Professor Jan Jennings has been lecturing interior design students since the 1990s. In an interview, Jennings said that describing examples from different parts of the world could be difficult. Very often, she lacked the words to explain what the students were seeing, like a dramatic staircase for example. After all, there’s no specific term for a dramatic staircase and the professor had to rely on descriptive phrases to put together engaging lectures.
To deal with the problem, Jennings and numerous of her colleagues from Cornell University worked on a searchable online database featuring contemporary interior design images and terminology. Browsing through the database, one could easily learn what a Wunderkammer is or how to put together a “lonely couple” of interior design elements.
Working together, the academics had to put together a naming practice or a vocab that students could use.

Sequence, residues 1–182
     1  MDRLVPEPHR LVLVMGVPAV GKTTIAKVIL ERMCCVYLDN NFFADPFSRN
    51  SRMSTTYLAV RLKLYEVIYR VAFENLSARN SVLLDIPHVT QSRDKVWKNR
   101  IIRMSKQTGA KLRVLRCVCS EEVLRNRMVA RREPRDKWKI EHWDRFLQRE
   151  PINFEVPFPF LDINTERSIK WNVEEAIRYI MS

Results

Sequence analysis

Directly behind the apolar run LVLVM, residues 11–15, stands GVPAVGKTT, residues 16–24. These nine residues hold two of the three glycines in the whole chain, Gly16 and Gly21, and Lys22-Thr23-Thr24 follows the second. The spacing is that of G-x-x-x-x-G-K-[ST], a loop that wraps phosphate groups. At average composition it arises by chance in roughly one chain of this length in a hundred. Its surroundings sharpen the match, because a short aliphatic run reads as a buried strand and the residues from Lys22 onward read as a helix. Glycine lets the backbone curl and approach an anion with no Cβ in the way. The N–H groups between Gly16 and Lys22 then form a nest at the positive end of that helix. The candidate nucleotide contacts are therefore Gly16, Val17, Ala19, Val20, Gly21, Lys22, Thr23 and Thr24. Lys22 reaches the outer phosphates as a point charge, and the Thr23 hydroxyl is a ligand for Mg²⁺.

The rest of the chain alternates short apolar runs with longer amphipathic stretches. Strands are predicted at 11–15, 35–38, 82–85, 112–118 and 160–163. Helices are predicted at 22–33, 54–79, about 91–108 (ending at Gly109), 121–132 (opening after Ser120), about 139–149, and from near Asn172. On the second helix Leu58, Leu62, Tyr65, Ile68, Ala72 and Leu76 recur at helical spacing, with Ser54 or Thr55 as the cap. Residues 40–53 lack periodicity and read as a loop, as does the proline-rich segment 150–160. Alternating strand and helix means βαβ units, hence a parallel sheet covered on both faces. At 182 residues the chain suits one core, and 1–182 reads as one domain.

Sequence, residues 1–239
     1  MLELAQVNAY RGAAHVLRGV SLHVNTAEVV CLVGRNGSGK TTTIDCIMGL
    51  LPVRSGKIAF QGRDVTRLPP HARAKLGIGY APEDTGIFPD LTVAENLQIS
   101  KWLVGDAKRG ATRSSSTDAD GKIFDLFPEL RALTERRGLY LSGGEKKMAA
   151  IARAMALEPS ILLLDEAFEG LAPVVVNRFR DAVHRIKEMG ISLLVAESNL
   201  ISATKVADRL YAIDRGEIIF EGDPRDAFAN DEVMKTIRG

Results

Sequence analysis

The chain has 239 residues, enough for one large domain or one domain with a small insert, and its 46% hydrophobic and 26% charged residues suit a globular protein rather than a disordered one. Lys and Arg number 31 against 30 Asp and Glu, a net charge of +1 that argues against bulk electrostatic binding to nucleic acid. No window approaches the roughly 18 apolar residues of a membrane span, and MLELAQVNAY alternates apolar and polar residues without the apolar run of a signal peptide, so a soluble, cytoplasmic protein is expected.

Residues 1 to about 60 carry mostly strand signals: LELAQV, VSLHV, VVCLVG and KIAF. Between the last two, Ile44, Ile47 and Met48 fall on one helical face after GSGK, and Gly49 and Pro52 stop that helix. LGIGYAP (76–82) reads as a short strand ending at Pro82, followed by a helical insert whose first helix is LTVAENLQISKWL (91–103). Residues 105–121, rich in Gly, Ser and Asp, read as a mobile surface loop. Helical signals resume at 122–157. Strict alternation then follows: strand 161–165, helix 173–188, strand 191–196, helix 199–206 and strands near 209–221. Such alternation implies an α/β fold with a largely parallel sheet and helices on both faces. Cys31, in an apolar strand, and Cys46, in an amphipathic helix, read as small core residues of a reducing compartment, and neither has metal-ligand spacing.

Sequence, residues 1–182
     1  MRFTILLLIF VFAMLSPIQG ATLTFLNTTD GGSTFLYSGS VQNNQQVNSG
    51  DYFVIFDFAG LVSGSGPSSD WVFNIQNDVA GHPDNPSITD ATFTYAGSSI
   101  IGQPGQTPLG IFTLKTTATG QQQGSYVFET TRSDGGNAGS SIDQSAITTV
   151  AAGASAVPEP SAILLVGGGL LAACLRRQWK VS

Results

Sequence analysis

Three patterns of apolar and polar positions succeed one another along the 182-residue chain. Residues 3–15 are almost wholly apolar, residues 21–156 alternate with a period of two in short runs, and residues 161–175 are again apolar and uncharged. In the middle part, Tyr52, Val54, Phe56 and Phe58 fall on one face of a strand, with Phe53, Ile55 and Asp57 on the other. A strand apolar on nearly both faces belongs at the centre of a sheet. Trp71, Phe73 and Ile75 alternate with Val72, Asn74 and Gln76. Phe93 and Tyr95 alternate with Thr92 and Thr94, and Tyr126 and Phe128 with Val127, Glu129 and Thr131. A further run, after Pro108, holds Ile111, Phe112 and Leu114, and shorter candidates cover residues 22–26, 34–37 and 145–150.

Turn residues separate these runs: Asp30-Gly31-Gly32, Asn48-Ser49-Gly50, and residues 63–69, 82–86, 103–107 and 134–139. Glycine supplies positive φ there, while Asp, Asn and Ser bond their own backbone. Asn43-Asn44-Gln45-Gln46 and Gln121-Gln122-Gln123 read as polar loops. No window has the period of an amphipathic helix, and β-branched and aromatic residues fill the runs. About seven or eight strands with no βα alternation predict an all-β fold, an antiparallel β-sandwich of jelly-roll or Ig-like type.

The project carries the name Intypes for the Interior Archetypes Research and Teaching. The International Interior Design Association and Interior Design magazine partnered up with the academics to present the methodology during the NeoCon Design Trade Show.
In its very early stage, the project featured approximately 70 archetypes with the intention to add more and expand further through the years.
Building Upon the Principles of Interior Design
Projects like those mentioned above are a common occurrence as professionals are attempting to shed more light on the specific interior design premises that define the field.
Professional journals mention the fact that interior design and interior decoration are often mistaken for each other. Hence, differentiation and specialisation efforts are a common occurrence.
The principles of interior design (much like the elements in Hampton’s “language”) include space, line, forms, light, colour, texture and form.
While they’re not being called a language, these principles have been guiding the work of interior design professionals for decades. All of them are required to create harmonious projects that are functional and that please the eye at the same time.